The change of plans came about quickly and was provoked by job opportunities.

As much as we love the Victoria and Vancouver Island lifestyle, we also want to grow professionally in our careers and achieve a level of stability again. 

Kelowna represents a compromise between living in a beautiful part of British Columbia that has mild winters and continuing to develop professionally in careers we enjoy.

Our situation in Victoria was that I would be starting a position I was not very excited about because it was significantly less responsibility and salary than I was used to, and Chris’s employment contract was due to expire in October and he was potentially facing another daunting job hunt. Many may argue that getting established in a new city takes patience, and that it isn’t realistic to expect all the pieces to fall into place in the first year. I agree that if we gave it more time, we may eventually find satisfying careers in Victoria but our rent is $1900 per month and being patient feels financially irresponsible.

When I left massage school, I applied to school districts on Vancouver Island and eventually cast the net further and applied to Okanagan School District #23. Chris had already applied to BC Assessment and widened his geographical region to include the Okanagan Valley as well. When both of us received job offers in Kelowna in the same week, we decided to go for it – the timing was just too perfect to turn down the opportunity.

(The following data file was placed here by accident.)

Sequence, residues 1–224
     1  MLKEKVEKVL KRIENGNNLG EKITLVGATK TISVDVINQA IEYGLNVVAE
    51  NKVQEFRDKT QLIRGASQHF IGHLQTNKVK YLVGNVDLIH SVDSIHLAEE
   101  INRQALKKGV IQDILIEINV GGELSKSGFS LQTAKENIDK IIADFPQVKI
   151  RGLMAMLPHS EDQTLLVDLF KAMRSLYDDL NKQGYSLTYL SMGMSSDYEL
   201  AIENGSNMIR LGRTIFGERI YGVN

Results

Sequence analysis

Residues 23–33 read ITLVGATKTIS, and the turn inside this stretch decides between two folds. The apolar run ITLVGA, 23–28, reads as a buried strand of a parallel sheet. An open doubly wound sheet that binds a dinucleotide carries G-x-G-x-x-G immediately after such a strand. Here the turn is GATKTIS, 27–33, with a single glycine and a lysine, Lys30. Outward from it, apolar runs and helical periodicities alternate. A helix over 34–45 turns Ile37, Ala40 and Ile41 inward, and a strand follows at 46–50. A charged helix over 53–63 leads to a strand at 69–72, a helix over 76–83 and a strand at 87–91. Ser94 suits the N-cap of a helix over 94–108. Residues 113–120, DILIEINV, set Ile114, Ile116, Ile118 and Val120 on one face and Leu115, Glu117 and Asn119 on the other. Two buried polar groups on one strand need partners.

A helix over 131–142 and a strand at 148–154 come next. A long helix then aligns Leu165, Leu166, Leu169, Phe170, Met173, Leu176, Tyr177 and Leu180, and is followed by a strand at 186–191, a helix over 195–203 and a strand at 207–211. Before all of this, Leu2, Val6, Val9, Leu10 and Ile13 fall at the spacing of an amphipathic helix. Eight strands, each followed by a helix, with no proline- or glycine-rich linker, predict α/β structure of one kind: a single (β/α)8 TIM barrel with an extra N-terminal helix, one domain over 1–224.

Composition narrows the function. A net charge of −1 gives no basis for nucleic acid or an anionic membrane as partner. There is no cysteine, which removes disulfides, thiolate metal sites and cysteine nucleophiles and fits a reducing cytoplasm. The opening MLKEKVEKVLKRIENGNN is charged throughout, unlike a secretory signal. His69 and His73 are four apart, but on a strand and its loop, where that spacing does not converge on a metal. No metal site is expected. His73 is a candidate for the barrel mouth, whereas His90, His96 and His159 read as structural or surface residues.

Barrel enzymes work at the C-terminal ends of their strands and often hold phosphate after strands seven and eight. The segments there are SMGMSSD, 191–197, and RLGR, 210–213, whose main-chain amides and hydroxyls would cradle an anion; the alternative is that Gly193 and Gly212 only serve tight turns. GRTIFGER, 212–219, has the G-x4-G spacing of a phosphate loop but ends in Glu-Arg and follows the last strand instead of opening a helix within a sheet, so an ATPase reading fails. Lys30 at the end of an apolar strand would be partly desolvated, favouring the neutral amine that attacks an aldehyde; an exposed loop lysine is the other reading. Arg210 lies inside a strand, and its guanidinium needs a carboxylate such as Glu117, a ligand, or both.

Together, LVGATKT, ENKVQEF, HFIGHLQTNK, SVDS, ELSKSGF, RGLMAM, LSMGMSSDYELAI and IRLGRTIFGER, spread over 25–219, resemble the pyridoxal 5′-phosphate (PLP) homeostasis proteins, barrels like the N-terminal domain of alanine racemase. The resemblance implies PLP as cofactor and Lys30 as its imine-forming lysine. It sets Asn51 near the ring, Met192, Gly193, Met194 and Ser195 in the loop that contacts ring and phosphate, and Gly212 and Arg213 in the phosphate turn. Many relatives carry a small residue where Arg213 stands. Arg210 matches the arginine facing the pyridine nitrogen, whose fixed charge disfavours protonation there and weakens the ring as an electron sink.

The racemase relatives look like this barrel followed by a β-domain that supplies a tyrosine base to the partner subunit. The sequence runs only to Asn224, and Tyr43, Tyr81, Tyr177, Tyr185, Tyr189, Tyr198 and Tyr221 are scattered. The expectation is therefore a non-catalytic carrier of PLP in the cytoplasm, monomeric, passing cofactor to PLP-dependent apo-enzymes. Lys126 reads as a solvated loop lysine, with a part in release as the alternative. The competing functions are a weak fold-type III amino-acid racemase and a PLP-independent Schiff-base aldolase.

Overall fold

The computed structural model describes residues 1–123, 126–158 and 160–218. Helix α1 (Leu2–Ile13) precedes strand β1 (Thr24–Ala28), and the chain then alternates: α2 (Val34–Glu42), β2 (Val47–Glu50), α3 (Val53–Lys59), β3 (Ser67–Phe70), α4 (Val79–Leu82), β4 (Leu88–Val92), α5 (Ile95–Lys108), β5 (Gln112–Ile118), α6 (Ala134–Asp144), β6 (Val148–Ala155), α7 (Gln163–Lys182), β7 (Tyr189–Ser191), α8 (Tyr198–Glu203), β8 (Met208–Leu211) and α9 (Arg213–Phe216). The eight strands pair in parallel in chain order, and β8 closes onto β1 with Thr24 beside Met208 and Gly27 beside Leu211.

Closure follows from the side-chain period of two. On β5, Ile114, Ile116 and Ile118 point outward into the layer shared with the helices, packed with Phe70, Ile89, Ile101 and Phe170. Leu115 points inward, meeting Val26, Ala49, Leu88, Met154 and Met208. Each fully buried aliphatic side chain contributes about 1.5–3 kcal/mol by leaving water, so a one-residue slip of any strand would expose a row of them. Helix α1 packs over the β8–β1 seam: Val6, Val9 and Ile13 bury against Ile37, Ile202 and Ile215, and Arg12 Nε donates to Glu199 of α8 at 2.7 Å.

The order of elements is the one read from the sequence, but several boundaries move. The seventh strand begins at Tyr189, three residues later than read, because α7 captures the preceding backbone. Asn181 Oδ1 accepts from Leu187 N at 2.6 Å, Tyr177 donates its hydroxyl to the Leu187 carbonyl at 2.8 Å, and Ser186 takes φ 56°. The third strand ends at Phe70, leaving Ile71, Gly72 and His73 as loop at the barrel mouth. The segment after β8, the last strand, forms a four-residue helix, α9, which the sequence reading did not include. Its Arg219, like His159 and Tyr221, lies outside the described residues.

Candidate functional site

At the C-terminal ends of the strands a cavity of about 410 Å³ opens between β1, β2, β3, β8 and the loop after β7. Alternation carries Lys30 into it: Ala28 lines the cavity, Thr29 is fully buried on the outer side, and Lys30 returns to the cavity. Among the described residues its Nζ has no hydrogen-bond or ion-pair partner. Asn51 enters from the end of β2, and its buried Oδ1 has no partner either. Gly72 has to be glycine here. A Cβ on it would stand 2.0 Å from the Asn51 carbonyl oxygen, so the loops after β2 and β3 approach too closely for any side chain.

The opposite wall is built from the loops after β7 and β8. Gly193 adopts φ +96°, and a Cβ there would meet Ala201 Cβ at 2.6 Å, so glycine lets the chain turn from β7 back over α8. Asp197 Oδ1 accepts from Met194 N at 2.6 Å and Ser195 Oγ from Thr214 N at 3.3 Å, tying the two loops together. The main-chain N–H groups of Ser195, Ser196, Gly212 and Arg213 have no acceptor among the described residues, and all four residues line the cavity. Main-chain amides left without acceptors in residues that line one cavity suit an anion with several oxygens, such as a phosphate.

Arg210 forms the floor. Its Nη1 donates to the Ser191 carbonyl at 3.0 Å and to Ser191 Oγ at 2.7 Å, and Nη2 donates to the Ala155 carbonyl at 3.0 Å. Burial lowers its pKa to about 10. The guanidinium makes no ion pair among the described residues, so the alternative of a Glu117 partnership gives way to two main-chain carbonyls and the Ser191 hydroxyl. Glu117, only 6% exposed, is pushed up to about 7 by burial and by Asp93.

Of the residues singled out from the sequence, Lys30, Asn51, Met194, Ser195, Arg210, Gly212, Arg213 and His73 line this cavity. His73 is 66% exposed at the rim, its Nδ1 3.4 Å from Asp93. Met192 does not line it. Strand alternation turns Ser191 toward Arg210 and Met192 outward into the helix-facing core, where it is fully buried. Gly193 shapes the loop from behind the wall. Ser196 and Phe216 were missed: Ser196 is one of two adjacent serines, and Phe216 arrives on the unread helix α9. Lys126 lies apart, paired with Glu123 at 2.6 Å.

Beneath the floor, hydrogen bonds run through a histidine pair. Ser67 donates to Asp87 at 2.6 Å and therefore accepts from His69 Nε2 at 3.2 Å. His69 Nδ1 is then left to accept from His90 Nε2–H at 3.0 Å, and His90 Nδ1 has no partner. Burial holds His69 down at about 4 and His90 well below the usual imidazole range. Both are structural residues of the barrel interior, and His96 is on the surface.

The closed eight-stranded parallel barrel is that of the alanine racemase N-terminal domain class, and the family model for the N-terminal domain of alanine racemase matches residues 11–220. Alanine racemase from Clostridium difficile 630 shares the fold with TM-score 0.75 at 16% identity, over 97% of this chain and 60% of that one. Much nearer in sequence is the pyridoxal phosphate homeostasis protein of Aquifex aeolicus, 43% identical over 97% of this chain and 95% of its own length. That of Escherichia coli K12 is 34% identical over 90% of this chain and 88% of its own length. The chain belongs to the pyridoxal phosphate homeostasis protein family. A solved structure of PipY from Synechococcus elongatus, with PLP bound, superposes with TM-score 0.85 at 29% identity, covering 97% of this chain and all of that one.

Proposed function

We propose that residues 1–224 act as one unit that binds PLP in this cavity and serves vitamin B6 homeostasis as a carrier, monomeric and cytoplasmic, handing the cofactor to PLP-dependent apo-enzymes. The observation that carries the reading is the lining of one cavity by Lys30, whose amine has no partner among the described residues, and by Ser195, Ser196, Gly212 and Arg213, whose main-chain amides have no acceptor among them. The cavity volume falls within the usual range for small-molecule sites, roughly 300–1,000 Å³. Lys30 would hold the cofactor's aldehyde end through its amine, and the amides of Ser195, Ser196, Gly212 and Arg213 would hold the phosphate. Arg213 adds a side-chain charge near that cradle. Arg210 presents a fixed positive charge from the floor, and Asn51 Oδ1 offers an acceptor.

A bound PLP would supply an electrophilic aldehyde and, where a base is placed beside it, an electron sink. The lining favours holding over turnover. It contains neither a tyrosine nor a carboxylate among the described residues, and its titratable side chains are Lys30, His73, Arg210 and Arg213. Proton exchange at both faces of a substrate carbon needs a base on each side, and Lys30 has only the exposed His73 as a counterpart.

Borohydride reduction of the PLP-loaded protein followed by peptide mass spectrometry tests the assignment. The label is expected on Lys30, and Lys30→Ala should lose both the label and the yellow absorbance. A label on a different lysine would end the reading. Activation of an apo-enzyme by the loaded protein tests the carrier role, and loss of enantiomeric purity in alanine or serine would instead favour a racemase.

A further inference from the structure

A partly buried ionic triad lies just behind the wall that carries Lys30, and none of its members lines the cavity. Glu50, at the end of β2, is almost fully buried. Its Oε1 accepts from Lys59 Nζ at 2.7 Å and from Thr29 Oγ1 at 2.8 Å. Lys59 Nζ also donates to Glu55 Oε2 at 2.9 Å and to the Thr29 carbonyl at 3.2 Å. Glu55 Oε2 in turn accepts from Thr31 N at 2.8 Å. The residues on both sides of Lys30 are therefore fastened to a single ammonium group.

Our feelings about the move are mixed:

We are sad to leave the island so soon. It is just starting to feel like home and there is still so much we want to see and do. We have wonderful family on the Island who have included us in their lives and helped us feel welcome and at home. I expect to shed some tears tomorrow when we leave this magical place.

We are excited for our next adventure! New places and experiences give me a natural high more than anything else in life. Of course, we’re anxious as well, but Chris and I find security in each other and feel at home together wherever we are. I expect the next couple of months to be stressful but exciting, and hopefully wonderful as well as we move into our new home and start our new positions.

More to come…